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UWI gives in to squatters - Mona Commons to be redeveloped; only a handful of persons to be relocated

Published:Friday | February 10, 2017 | 12:00 AMErica Virtue
A passenger comes out of a taxi in from of the Mona Commons informal community last week.

After years of posturing and several threats that squatters would be removed, the majority of persons who captured lands owned by the University of the West Indies (UWI) in Mona Commons, St Andrew, have been given the green light to stay.

The squatters, who constructed houses, set up businesses and created an informal community that threatened the teaching status of the University Hospital of the West Indies, will now be allowed to remain on the lands which will be redeveloped, starting closer to the end of this year.

The settlement, which has steadily expanded over the years with about 1,000 residents now living there, is spread across approximately 10 acres of land despite plans by different administrations to have it demolished and at least 50 per cent of the squatters relocated.

UWI principal, Professor Archibald McDonald, told a recent Gleaner Editors' Forum that he learnt of the relocation recommendation some years ago.

"It was during my tenure as chief executive officer of the hospital I discovered that recommendations were in place for the relocation of about 50 per cent of the residents. But that was not on. It would take an army to do that," McDonald told Gleaner editors and reporters.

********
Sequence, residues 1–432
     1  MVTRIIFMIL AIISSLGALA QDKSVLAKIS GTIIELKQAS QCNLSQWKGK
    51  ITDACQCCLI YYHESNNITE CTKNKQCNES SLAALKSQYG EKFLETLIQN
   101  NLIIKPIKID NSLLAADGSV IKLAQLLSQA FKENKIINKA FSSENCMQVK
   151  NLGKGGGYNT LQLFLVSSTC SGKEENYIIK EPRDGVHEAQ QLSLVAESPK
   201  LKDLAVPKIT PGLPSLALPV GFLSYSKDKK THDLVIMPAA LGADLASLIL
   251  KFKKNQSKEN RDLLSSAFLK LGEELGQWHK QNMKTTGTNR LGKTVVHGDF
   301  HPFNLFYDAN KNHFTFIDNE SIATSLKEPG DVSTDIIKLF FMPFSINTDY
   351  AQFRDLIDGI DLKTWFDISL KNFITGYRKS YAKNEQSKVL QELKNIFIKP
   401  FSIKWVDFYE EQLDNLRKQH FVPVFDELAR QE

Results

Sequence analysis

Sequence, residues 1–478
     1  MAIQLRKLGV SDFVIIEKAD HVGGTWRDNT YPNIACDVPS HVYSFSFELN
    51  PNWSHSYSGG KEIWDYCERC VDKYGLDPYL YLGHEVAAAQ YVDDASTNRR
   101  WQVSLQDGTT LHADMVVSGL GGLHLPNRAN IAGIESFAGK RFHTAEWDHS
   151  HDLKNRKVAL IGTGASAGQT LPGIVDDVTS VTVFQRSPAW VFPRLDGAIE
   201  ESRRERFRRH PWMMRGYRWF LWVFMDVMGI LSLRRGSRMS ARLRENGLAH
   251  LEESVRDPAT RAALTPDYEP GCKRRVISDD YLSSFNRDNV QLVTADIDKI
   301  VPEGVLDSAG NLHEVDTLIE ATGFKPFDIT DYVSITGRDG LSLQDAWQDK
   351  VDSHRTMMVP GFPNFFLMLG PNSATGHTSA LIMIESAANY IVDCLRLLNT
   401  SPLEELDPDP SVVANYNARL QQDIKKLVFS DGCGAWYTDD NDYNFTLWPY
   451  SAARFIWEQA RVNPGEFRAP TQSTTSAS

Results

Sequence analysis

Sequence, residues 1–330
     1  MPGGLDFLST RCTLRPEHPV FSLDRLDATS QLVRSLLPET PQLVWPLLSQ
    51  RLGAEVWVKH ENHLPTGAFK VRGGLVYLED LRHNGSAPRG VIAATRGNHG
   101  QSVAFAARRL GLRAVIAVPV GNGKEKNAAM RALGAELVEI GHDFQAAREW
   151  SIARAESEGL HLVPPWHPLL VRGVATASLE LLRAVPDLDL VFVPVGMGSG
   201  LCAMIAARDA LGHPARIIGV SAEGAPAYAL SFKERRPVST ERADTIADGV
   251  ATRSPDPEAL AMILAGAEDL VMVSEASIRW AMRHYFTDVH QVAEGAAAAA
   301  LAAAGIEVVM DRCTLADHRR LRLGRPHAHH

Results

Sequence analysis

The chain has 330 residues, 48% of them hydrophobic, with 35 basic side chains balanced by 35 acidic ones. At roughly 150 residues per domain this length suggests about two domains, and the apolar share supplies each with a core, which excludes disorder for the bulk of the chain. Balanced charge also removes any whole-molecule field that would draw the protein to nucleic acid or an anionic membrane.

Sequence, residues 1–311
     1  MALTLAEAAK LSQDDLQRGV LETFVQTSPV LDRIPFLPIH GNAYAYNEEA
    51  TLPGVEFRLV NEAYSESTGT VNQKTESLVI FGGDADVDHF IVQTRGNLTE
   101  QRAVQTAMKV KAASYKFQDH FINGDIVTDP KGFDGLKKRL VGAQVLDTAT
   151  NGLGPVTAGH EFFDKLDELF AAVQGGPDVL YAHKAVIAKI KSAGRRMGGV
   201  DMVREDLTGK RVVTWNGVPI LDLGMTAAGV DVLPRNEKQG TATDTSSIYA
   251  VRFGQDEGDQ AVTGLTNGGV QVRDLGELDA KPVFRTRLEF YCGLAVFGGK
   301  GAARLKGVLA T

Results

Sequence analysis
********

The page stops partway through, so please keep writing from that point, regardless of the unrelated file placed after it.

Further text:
He argued that previous attempts at the redevelopment of the community - which has caused the university a major headache - were not informed by research.

"But now, because we did the groundwork and it is informed by research, very few families will need to be relocated. It is amazing," said McDonald.

"The small number to be relocated are those who have been coming to us and have expressed a desire not to be a part of the project, but that is a small percentage of the residents. So exciting things are happening," added McDonald.

The redevelopment, which is to be done in phases, is expected to see the relocation of 23 houses and/or families to enable infrastructure development such as roads, sewerage and electricity.

A new basic school and community centre is to be created, and makeshift shops which have been eyesores across from the entrance of the hospital are to be transformed into a modern shopping plaza.

According to McDonald, research done by persons in the university's Faculty of Social Sciences played a key role in the determination of how to transform the squatter settlement.

"The community has caused tremendous problems for the university, and the first thing we did was to send colleagues from the Faculty of Social Sciences, mainly from Social Work and Sociology, to go do the research.

"They brought back a tremendous amount of information about the make-up of Mona Commons. They can tell you the age groups, the income levels, which household is headed by females versus males ... ." said McDonald, as he expressed confidence that the development plan will benefit everyone.

"We have been partnering with the Ministry of Housing and the National Housing Trust to redevelop Mona Commons into a modern community, and if you see the architects impression and what we are about to embark on ... . The expectation is that we should start rebuilding Mona Commons, hopefully ... long before the end of this calendar year," added McDonald without providing clarity on how the development will be financed.